Are adult learners doomed to analytical playing?

June 13, 2016 at 10:37 PM · Thinking of post titles is hard...

I am 28, and I just started to learn the violin last year. I just hand a random, and probably abstract question pop into my head.

With all the endless things to learn on the violin, and with music in general; I think it's sometimes hard to see what the future could possibly hold for me. Will I forever be playing music according to the great masters, and using their interpretations of various pieces? i.e., fingers, bowing, shifts, etc. Or, in the distant future, would I eventually gain enough knowledge to be able to create this for myself?

Without being introduced to music from a single digit age, with out going to university and getting a degree in music, would the "average new adult violinist" eventually be able to spend hours practicing his/her own interpretation, working to express the heart and mind as to the way I want the music to sound. Figure out my own fingerings, expressions, the composers intentions, shifting, etc?

I don't know if this is a silly question. We could easily sit here and say that anything is possible with a lot of work. But, maybe we could discus what all the above takes.

Thanks in advance.

Replies (39)

June 13, 2016 at 10:47 PM · The violin is as "analytical" as you want to make it. I think one of the differences between adult students and kids is that adults want to understand it whereas kids just want it to sound good.

June 13, 2016 at 11:04 PM · One can order an espresso ...

or start from preparing the soil, grow the plant, harvest the beans, roast them, grind and finally make some coffee.

One can touch the screen on iPod...

or learn how to play violin.

Choose your struggle and your pleasure!

June 14, 2016 at 12:47 AM · You will be very analytical until that time when you don't need to be.

May the force be with you!

June 14, 2016 at 01:21 AM · Even from the very beginning, interpretation can be personal. This tends to be more explicitly the case for people learning improvisational styles, but it's true of classical as well.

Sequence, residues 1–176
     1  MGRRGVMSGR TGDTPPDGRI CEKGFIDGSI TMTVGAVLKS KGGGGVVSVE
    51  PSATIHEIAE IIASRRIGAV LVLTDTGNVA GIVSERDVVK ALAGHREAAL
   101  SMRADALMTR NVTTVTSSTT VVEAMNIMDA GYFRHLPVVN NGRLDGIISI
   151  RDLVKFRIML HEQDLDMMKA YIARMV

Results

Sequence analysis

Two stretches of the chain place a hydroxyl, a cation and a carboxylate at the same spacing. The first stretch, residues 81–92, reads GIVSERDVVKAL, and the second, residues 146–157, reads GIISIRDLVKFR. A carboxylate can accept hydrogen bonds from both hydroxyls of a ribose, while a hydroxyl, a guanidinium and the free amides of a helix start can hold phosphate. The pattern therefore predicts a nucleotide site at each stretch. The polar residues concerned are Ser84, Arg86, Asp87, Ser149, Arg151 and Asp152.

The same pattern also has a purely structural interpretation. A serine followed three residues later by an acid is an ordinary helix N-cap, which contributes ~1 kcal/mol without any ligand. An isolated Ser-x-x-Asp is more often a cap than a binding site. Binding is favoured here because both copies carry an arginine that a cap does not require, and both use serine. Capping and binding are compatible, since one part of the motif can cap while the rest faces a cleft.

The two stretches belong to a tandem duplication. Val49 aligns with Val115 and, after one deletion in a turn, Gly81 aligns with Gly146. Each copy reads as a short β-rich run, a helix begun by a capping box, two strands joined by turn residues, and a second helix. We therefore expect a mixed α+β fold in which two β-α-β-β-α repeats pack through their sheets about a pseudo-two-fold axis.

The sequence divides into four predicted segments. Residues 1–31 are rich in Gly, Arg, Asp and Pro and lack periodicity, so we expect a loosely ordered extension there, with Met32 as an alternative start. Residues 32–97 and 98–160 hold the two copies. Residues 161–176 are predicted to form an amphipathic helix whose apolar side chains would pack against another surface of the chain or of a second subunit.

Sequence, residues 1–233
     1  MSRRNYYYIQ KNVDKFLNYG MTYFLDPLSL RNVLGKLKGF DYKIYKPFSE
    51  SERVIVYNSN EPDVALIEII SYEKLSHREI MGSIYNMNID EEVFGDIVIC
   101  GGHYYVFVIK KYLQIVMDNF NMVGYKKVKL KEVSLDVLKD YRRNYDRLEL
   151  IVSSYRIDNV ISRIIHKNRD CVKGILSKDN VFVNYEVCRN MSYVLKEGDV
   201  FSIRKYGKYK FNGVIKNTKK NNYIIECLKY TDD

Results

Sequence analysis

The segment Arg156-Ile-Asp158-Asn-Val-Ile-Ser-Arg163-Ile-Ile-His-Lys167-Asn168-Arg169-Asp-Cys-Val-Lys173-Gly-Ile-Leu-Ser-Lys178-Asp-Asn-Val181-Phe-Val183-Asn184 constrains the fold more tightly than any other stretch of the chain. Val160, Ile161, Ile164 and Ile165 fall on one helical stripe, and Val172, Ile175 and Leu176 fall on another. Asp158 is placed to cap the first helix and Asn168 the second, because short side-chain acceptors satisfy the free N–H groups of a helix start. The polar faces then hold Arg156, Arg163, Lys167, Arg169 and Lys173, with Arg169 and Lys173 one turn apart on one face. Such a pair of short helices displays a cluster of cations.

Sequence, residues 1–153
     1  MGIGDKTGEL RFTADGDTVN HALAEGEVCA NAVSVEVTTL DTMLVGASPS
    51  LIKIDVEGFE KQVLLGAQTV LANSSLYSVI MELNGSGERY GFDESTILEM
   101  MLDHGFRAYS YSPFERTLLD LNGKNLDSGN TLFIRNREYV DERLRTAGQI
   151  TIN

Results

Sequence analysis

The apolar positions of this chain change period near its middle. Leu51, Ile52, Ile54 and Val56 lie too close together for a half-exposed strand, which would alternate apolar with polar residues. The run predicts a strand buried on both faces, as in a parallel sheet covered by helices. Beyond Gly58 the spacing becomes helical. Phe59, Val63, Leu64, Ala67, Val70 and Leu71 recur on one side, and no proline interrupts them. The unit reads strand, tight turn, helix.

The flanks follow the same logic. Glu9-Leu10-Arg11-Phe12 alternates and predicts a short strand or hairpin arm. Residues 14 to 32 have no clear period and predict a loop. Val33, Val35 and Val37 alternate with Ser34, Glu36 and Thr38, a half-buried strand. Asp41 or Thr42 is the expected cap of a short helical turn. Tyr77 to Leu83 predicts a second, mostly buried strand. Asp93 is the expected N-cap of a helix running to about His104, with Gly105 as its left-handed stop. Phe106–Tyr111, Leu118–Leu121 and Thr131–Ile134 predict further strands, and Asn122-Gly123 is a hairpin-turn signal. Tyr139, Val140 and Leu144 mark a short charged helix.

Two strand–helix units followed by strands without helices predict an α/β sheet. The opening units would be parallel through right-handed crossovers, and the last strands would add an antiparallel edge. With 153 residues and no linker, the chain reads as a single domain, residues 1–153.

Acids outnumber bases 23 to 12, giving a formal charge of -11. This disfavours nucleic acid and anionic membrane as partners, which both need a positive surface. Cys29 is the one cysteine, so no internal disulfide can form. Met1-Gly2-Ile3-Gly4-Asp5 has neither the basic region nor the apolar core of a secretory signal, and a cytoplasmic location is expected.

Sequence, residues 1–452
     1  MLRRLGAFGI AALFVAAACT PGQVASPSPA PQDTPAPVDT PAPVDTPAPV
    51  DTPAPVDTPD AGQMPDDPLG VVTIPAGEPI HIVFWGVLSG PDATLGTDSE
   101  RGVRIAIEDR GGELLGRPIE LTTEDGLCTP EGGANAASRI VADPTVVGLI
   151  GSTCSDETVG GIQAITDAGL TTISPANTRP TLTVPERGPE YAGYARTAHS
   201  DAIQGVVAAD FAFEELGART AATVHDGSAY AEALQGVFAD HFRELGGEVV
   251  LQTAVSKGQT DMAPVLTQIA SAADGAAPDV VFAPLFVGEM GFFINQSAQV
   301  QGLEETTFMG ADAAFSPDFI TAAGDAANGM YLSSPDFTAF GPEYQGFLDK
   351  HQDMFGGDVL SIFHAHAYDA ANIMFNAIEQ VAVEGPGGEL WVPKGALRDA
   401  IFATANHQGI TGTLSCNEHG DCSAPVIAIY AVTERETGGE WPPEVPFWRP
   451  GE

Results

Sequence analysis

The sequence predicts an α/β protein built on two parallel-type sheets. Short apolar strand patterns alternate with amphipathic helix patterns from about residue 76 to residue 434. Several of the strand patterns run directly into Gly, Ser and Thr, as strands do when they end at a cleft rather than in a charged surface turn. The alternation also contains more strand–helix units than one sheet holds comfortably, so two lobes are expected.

June 14, 2016 at 01:54 AM · Agree with Lydia. I am just over a year in as an adult learner and am starting to have more of a feel for the music, instead of just looking at it as a technical challenge. For example, certain fingerings are jumping out at me; shifting becomes intuitive; notes that require emphasis; phrasing; better understanding of composer's intentions etc.

A few things that I can recommend which have helped a lot:

1. watch as many masterclass videos as you can. Some that I particularly like are Benjamin Zander, Maxim Vengerov, Pinkus Zukerman, Zakhar Bron. Start with Zander, he is brilliant.

2. buy some sheet music without fingerings, eg most of Schirmer's "The Violin Collection" series.

3. Listen to music by a variety of top players. Each has their own interpretation and you will start to notice and appreciate the subtleties, things you like/don't like etc

4. Do lots of etudes. They are like weight-lifting for your brain.

As for your comment about what the future holds, this is a trap of our society. Always has to be an end goal. That's an erroneous pattern of thinking and can ruin your enjoyment of the instrument in the short- and long-term. Try to improve constantly, but love the process as its own end too.

June 14, 2016 at 03:18 AM · Greetings,

the question depends on the various meanings you attach to 'analytical.' In the past , great teachhers like Flesch and Galamain have always talked about 'practice time ' and performance time' or building time vs whatever. I dont quite remebe rthese days. What they are trying to tell us is that whatever level of paying you are at, including a complete beginner , there are times when we need to think very analytically about technique in orde rto build the skilss to express what is in side us, and then there is always time when one plays from the heart to an an audience even if one is in the practice room and you are just plucking open strings. The distinction is important but dangerous when taken too far, as in the cae of sevcik who believed one could build a player by reomving the subjective elemnt from technical work at all times. In fact, technical work is on ocassion considerbaly more useful when approached from an expressive perspective.